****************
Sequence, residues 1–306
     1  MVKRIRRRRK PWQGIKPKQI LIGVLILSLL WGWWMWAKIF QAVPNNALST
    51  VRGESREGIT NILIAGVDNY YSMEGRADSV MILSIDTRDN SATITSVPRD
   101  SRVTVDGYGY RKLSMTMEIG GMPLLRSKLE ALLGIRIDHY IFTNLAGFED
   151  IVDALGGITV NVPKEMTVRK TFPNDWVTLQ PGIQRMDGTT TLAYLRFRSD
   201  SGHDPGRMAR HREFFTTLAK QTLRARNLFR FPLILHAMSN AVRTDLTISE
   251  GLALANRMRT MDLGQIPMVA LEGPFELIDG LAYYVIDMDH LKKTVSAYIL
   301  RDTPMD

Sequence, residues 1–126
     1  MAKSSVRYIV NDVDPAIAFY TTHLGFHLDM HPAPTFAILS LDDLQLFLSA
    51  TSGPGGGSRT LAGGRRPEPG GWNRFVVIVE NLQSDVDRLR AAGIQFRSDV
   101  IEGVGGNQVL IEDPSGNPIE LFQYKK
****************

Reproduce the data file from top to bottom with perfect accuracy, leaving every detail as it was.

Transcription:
Sequence, residues 1–306
     1  MVKRIRRRRK PWQGIKPKQI LIGVLILSLL WGWWMWAKIF QAVPNNALST
    51  VRGESREGIT NILIAGVDNY YSMEGRADSV MILSIDTRDN SATITSVPRD
   101  SRVTVDGYGY RKLSMTMEIG GMPLLRSKLE ALLGIRIDHY IFTNLAGFED
   151  IVDALGGITV NVPKEMTVRK TFPNDWVTLQ PGIQRMDGTT TLAYLRFRSD
   201  SGHDPGRMAR HREFFTTLAK QTLRARNLFR FPLILHAMSN AVRTDLTISE
   251  GLALANRMRT MDLGQIPMVA LEGPFELIDG LAYYVIDMDH LKKTVSAYIL
   301  RDTPMD

Sequence, residues 1–126
     1  MAKSSVRYIV NDVDPAIAFY TTHLGFHLDM HPAPTFAILS LDDLQLFLSA
    51  TSGPGGGSRT LAGGRRPEPG GWNRFVVIVE NLQSDVDRLR AAGIQFRSDV
   101  IEGVGGNQVL IEDPSGNPIE LFQYKK